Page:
Recent weeks have brought a sudden and spectacular public reconsideration of the plausibility of a lab leak from the scientific and journalistic establishment. “More investigation is still needed to determine the origin of the pandemic. Theories of accidental release from a lab and zoonotic spillover both remain viable,” 18 reputable scientists wrote to Science magazine. The editorial board of the Washington Post concluded, “If the laboratory leak theory is wrong, China could easily clarify the situation by being more open and transparent. Instead, it acts as if there is something to hide.” Donald G. McNeil Jr., the prize-winning but now “canceled” former science reporter for the New York Times, concluded that “the argument that [SARS-CoV-2] could have leaked out of the Wuhan Institute of Virology or a sister lab in Wuhan has become considerably stronger than it was a year ago, when the screaming was so loud that it drowned out serious discussion.” This comes a few months after the previous director of the U.S. Centers for Disease Control and Prevention, Dr. Robert Redfield, told CNN’s Sanjay Gupta, “I am of the point of view that I still think the most likely etiology of this pathogen in Wuhan was from a laboratory, escaped.”
Welcome to the party, everyone.
It is good that the lab-leak theory is no longer being reflexively dismissed as a conspiracy theory, paranoid nuttiness, or ipso facto evidence of an anti-Asian bias. But this reconsideration is belated. Yes, some evidence has accumulated in the past year — the U.S. State Department memos warning about a lack of trained personnel at the Wuhan Institute of Virology (WIV), the claim that cellphone use in part of the WIV stopped for three weeks in October 17, and the World Health Organization investigation concluding that some WIV staffers got sick with flu-like symptoms in autumn of 2019. When the WHO team went to Wuhan, Chinese medical authorities refused to hand over raw data about the earliest patients. But little of that represents a game-changer in the facts on the ground. From the beginning, the world has been confronting a novel coronavirus closest to those found in bats that first emerged in a city that housed not one but two state-run labs researching novel coronaviruses found in bats.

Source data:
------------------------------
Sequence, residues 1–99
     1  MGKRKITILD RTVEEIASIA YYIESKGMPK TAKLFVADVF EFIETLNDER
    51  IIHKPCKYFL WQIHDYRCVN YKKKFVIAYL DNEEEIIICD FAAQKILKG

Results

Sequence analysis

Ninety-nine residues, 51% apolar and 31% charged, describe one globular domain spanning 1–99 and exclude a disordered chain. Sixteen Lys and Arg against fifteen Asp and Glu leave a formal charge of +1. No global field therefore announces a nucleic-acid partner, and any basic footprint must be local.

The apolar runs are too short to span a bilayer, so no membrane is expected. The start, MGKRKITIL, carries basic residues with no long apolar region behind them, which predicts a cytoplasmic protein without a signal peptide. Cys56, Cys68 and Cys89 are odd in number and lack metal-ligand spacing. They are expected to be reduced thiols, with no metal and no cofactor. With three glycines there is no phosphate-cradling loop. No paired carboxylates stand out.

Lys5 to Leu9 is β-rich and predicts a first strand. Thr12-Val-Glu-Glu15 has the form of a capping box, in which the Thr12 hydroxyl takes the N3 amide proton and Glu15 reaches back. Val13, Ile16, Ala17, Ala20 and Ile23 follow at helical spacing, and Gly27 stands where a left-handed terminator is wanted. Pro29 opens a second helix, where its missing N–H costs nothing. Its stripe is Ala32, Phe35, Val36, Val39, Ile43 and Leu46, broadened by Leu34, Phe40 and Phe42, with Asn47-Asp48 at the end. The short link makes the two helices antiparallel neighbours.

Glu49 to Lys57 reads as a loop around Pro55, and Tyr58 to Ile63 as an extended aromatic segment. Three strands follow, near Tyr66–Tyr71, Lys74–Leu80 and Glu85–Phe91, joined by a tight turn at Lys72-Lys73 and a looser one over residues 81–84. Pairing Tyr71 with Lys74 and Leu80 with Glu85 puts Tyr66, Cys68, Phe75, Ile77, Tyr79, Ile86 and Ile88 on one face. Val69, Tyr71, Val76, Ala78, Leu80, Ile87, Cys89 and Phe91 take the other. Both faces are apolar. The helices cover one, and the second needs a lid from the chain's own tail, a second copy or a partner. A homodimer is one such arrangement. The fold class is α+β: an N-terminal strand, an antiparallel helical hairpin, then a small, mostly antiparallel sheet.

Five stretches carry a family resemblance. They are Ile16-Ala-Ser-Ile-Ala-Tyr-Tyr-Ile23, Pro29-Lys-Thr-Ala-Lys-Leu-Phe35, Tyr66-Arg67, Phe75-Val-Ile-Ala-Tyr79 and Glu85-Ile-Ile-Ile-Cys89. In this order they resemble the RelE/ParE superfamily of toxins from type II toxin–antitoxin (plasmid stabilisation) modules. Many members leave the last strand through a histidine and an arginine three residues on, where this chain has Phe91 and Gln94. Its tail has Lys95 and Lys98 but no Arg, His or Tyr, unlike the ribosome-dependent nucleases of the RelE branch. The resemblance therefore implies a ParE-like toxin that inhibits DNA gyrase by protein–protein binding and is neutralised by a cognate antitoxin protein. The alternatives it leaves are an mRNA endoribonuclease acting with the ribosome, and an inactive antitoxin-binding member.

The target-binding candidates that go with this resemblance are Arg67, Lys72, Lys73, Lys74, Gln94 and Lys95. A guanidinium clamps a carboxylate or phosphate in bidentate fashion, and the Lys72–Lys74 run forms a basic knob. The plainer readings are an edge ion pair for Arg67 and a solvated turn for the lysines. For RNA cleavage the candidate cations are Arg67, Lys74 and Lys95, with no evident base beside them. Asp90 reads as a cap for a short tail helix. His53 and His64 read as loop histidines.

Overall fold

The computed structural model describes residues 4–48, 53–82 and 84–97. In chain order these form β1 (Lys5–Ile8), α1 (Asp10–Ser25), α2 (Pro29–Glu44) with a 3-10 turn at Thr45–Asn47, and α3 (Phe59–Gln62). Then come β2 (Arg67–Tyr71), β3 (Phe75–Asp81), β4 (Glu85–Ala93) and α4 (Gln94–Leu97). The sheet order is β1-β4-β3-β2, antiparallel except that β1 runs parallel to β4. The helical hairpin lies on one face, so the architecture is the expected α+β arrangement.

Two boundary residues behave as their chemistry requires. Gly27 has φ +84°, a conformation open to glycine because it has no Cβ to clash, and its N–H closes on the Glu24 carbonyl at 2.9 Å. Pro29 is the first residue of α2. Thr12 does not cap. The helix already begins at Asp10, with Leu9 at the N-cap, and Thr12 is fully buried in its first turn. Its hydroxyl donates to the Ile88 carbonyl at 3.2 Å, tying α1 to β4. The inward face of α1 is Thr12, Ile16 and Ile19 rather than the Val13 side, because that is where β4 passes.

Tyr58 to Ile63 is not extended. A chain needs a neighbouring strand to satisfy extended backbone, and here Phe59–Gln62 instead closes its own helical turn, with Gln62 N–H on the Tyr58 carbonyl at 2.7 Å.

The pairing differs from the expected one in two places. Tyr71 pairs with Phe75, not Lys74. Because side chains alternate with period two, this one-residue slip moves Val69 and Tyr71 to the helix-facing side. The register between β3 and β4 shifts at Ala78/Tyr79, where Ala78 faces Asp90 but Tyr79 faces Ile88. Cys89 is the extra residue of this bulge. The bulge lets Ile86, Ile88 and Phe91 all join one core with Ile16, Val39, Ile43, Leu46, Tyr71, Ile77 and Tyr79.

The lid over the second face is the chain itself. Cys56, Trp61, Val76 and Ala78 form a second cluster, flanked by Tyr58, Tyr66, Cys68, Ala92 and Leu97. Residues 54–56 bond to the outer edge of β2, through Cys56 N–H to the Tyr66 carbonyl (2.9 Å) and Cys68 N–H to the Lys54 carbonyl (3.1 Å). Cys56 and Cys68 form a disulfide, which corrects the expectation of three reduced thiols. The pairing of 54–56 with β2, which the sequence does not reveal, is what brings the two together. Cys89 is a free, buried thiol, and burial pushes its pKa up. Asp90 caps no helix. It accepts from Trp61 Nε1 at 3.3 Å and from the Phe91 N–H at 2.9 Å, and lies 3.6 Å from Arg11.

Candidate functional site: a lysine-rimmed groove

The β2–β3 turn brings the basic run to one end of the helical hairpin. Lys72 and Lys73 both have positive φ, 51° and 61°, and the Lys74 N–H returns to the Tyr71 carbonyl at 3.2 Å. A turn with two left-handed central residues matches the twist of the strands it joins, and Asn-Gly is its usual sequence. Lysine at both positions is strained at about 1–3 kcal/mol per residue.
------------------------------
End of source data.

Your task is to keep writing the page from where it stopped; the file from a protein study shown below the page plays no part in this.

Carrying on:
Nicholson Baker’s lengthy cover piece in New York magazine contended that the lab-leak theory became a culture-war football, and scientists feared that discussing the plausibility of the theory could end up benefiting a president they detested:
Everyone took sides; everyone thought of the new disease as one more episode in an ongoing partisan struggle. Think of Mike Pompeo, that landmass of Cold War truculence; think of Donald Trump himself. They stood at their microphones saying, in a winking, I-know-something-you-don’t-know sort of way, that this disease escaped from a Chinese laboratory. Whatever they were saying must be wrong. It became impermissible, almost taboo, to admit that, of course, SARS-2 could have come from a lab accident. “The administration’s claim that the virus spread from a Wuhan lab has made the notion politically toxic, even among scientists who say it could have happened,” wrote science journalist Mara Hvistendahl in the Intercept.
Obviously, the evidence regarding such an important matter shouldn’t be evaluated differently based on who is president of the United States. “TRUST THE SCIENCE” has been a simplistic and not-all-that-illuminating slogan for much of this pandemic. This is another case where many of the same people who used that slogan most readily haven’t hewed to it themselves. There should be a reckoning over this rank failure, and instead of relying on WHO, which is compromised in important respects, U.S. authorities should investigate the origins of the virus to the extent possible.
Now that the rigid conventional wisdom on this issue is finally giving way, we should seek the truth without fear, favor, or politically motivated preconceptions.